National Treasure: Book of Secrets

  • Directed by Jon Turteltaub
  • December 21, 2007

Benjamin Gates must prove an ancestor’s innocence in plotting the assassination of John Wilkes Booth.

What National Treasure: Book of Secrets does is execute a bit more polished the set of ideas that propelled the last. Not that the last one was bad, but second films can often be the polished version of the first. They take concepts and ideas that were tested out in the original and use them more effectively as this movie does here.

The story here is a little more globetrotting than the last one as they now need to head overseas in order to get some important clues. It is minimal though. However the story itself is firmly based in American history. The main thrust being the Lincoln Assassination and the conspiracy which surrounded it. Yes it was a bit of a conspiracy not only in this movie but in real life. There were multiple people involved.

Book of Secrets does use plenty of history and other stuff rather than create complete fiction. Cibola for example is drawn from history and plays an important part in the story. There is also bits of info about the Statue of Liberty and even Mount Rushmore woven into a fun story using the legendary Book of Secrets that is a book said to exist where presidents write secrets that no one else knows.

Mitchell “Mitch” Wilkinson (Ed Harris), a black-market dealer, gets the ball rolling by implicating Gates ancestor Thomas Gates (Joel Gretsch) in plotting the Lincoln Assassination in order to get Gates looking for treasure. All things considered I am not sure why he felt a need to do that. Given what made Gates famous one would think that he could start out with complete honesty. Then again we would not have had a very exciting movie if he did.

Wilkinson as the villain is more like the dark version of Benjamin Gates. He wants to establish his family name for posterity and can be blindly passionate in his quest. Unlike Gates he is willing to use gunplay and be generally underhanded. Shooting and threats are not out of his repertoire.

Benjamin (Nicolas Cage) for his part is now on the outs with his girlfriend Dr. Abigail Chase (Diane Kruger). This aspect of the story somewhat parallels what is going on with Benjamin’s father Patrick Henry Gates (Jon Voight) and mother Dr. Emily Appleton-Gates (Helen Mirren) who coincidentally is an expert in extinct pre-Colombian languages which is important to this treasure hunt. Sometimes when films do such things it can come off as an unnecessary element for a second film but here it just seems more like a natural growth of the characters even if it’s unwanted.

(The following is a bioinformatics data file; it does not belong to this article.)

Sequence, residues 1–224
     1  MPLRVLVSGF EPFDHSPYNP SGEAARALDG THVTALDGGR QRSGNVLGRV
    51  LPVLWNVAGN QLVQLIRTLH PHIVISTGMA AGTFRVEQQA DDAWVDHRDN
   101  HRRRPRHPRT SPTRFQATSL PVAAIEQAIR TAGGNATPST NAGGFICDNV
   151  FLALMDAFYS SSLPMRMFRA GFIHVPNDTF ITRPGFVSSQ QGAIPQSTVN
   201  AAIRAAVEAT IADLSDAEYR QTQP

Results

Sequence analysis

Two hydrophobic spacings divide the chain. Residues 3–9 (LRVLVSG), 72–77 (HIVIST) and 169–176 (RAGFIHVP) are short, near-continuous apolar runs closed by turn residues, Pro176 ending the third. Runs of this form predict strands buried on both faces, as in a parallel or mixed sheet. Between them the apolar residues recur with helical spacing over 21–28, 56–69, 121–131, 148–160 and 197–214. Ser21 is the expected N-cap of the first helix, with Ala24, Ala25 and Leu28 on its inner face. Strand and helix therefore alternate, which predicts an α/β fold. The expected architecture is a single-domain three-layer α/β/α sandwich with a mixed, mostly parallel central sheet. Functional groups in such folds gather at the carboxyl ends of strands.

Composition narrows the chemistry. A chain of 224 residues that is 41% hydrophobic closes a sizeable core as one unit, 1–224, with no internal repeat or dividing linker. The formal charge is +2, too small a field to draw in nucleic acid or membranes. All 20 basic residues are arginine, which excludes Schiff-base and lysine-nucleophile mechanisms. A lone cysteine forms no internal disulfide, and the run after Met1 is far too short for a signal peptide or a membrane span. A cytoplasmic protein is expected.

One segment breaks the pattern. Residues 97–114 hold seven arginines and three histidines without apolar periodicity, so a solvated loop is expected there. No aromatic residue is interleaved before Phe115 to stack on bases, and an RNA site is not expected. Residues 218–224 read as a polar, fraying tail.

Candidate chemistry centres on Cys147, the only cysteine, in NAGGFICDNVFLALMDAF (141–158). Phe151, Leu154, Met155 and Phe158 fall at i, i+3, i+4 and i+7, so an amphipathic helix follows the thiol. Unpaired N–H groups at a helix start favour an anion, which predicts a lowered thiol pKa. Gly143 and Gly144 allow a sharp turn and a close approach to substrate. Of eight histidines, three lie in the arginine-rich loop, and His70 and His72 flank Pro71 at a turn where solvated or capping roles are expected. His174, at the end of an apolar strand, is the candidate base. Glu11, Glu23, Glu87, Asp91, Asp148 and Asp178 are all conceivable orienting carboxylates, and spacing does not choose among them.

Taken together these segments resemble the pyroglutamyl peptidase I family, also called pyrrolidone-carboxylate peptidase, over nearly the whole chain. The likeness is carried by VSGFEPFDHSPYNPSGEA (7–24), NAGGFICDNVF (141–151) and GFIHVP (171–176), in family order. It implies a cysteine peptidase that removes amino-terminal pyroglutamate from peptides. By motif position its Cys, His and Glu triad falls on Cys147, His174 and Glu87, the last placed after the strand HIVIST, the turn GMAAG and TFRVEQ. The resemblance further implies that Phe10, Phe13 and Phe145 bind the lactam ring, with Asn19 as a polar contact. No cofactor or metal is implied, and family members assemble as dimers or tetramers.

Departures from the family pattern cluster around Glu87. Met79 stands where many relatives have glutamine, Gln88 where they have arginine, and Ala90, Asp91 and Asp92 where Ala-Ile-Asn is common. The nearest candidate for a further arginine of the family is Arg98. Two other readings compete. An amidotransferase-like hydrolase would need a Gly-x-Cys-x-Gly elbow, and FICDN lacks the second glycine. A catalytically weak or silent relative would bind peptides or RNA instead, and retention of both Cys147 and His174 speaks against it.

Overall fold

As said new to the Gates family is Helen Mirren. That woman was clearly having a great time in her part. She is a quality actress who can do fine drama as well as just fun stuff. She gives her all. Anna. F9. RED. Not stuff that would draw Oscars but stuff that is good and she is good in. But she was also in Excalibur, 2010, The Mosquito Coast, and so much more that would be considered more artful.

There’s a good chunk of this movie driven by the present situation of all those involved from the last film as well as the coming back together of our main couple. The clues we get are fewer as the characters discuss history (or this world’s version of it). But the movie does embrace the general history of the United States. There are no great conspiracies or sinister motives at play here. But there is much like in the last movie a ballzy move here where Gates decides it is a good idea to kidnap the President (Bruce Greenwood) in order to get it some desperately needed information.

By the end of the story despite all the evil he’s done Wilkinson gets a bit of a redemption and Gates gets a touch of greatness again. There are no real deep themes. At least nothing below the surface. Ultimately this is a fun adventure that mixes history and fantasy. Director Jon Turteltaub doesn’t have to add any twists or dark elements because that’s not what this is about. Ultimately no one is ultimately evil here. At worst they’re mildly misguided. This is a film that is meant to entertain.

National Treasure: Book of Secrets is a great follow-up to the original film. It’s just as fun and exciting as the last one. And perhaps the ideas they used are a bit more polished. If you’re looking for a good family adventure to watch with everyone or something enjoyable to watch by yourself this is most certainly it.

Published by warrenwatchedamovie

Just a movie lover trying spread the love.

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